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Private wrote on 28-08 15:20:
BloomCissi wrote:
I'm glad to see that so many are into dystopian fiction!
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Raquelle wrote on 27-08 20:32:
Raquelle wrote:
as soon as i'll have time and motivation to read again i will definitely go through that list - thank you!
i think dystopia is favorite genre of mine. brave new world is one of the best books i've read.
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Private wrote on 27-08 20:25:
Luminescence wrote:
I love the fact that you included one of my favorite books here (1984)! Other great dystopian works not listed e.g. Divergent series, The Hunger Games, 5th wave, and The Host. 🙌🏼
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MasileinDE wrote on 27-08 17:46:
MasileinDE wrote:
The Guardians by John Christopher
11/10 - you'll never see bonsai trees the same way you used to
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Private wrote on 27-08 15:03:
BloomCissi wrote:
Krystle wrote:
Great article, really enjoyed reading it!

Kallocain sounds like a good book. This part specifically reminded me of another book I've read but I can't remember what it was called.
"Society is strictly collective, with everyone living in the same houses and wearing the same uniforms. Everyone is supposed to be equal, which means that individuality simply does not exist."

Brave new world also sounds interesting ah, gotta check these out when i get time!
I'm really glad you liked it!
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Private wrote on 27-08 09:37:
Azriel wrote:
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Marcelien wrote on 26-08 20:46:
Marcelien wrote:
i LOVED the battle royal movie (original). i really wanna read the book. as well ass 1984. im all about that dystopia, man. its my drug.
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NixieFae wrote on 26-08 19:15:
NixieFae wrote:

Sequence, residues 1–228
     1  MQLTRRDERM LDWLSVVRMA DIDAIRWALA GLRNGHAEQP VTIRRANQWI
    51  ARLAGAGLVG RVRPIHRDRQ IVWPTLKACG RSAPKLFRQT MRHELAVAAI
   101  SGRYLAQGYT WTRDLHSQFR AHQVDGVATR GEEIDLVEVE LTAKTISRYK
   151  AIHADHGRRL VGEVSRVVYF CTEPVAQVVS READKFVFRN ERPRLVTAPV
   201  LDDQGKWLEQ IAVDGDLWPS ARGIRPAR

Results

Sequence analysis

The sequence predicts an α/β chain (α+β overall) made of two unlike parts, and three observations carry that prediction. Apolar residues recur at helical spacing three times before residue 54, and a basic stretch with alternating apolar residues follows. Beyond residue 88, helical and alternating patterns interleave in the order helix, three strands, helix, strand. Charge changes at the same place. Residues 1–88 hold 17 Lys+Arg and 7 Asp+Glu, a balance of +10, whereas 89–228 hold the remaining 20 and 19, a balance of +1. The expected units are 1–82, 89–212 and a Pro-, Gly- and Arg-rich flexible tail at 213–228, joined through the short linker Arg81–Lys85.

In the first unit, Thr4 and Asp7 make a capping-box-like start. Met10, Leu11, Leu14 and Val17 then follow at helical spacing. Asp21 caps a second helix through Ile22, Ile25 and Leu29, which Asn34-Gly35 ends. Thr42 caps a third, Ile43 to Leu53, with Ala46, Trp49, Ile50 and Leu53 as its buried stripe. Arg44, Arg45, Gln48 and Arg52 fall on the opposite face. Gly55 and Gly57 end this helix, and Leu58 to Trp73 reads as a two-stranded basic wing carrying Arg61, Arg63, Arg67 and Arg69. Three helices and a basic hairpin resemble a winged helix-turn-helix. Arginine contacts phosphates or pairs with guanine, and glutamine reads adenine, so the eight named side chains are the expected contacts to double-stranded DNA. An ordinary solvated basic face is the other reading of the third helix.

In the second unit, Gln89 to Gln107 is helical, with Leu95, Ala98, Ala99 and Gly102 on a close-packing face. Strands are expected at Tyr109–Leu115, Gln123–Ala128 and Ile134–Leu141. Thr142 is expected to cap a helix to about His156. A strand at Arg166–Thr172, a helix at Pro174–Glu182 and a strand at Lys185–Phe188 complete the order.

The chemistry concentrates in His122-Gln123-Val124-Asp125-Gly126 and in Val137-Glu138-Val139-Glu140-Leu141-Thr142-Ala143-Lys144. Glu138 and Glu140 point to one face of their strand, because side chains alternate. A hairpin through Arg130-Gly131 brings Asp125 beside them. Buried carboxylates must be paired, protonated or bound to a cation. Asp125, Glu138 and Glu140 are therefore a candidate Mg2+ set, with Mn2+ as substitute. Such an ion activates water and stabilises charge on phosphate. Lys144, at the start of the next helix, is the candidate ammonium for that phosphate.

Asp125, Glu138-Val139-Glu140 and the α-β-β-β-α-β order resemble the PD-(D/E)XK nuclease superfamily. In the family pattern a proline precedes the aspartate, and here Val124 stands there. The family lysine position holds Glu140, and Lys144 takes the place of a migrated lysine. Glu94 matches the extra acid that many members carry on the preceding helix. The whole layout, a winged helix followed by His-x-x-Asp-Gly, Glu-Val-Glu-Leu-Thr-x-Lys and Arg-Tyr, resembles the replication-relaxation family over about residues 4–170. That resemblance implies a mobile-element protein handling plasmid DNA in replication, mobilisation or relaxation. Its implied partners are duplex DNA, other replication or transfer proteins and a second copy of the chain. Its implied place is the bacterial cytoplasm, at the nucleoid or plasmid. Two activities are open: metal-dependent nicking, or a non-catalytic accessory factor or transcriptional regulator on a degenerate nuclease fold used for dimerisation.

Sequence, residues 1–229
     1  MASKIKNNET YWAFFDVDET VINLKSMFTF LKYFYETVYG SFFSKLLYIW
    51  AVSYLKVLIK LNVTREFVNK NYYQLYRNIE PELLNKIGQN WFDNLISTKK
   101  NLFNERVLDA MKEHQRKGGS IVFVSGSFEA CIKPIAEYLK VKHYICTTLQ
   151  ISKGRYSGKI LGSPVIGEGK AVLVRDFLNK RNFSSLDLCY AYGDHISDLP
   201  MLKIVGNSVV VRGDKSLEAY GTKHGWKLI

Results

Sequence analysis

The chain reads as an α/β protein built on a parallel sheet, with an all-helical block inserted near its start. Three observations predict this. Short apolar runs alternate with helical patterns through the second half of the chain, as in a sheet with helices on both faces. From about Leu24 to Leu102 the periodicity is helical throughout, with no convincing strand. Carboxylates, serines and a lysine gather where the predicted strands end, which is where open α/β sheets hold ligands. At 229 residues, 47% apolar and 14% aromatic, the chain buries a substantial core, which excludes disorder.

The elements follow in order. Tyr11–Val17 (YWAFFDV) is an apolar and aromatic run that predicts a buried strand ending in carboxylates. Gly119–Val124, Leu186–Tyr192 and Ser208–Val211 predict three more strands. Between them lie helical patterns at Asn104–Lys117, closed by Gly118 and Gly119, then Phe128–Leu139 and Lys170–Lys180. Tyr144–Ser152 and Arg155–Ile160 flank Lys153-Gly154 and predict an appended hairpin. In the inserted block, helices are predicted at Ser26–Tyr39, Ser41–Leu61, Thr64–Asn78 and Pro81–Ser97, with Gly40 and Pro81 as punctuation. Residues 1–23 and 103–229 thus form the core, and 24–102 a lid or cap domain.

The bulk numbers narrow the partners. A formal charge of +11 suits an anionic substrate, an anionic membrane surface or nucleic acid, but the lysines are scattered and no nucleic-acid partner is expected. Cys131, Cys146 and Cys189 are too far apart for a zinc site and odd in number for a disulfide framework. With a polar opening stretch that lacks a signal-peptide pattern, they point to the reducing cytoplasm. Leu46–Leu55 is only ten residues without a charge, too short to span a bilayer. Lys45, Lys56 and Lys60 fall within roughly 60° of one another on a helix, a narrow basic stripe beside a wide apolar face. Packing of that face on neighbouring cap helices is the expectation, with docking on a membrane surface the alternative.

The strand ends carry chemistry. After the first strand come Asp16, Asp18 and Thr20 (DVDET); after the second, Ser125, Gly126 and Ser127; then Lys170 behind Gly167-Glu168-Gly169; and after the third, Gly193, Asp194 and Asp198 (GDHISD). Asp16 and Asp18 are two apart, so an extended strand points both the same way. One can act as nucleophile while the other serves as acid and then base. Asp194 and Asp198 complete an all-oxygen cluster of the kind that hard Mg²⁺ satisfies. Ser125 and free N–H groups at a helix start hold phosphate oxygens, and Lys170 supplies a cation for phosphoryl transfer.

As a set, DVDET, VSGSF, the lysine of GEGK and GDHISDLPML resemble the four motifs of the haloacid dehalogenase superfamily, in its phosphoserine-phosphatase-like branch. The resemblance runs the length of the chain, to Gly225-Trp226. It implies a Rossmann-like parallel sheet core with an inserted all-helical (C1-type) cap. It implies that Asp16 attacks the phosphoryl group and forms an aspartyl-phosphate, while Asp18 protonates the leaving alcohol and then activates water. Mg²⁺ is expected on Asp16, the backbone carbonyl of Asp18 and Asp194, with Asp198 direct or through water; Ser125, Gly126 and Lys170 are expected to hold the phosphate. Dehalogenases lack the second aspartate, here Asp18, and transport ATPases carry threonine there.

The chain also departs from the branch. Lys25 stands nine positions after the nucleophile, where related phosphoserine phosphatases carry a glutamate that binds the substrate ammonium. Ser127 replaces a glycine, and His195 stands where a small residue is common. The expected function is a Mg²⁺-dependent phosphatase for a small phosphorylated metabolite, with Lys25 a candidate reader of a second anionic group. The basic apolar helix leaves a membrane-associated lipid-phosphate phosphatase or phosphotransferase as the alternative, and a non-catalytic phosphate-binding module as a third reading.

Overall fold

I absolutely love dystopian books! Most of these I have either read, seen their tv adaptions or both! I highly recommend people to read, The handmaid's tale, 451, animal farm and battle royale!
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Private wrote on 26-08 14:30:
Rochellette wrote:
Oh wow! You look in my bookshelf??? My husband and I are really big fans of this genre of  books and the adaptation  movies are pretty well made too if someone wants to check out before reading the books. Thanks for this, is always good to invite people to read and read good books, the layout is perfect!
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Krystle wrote on 26-08 10:13:
Krystle wrote:
Great article, really enjoyed reading it!

Kallocain sounds like a good book. This part specifically reminded me of another book I've read but I can't remember what it was called.
"Society is strictly collective, with everyone living in the same houses and wearing the same uniforms. Everyone is supposed to be equal, which means that individuality simply does not exist."

Brave new world also sounds interesting ah, gotta check these out when i get time!
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Private wrote on 25-08 22:39:
Xemnas wrote:
Battle Royale, you mean the Superior Hunger Games? The way it portrays societal issues and the expectations of school children is absolutely delicious.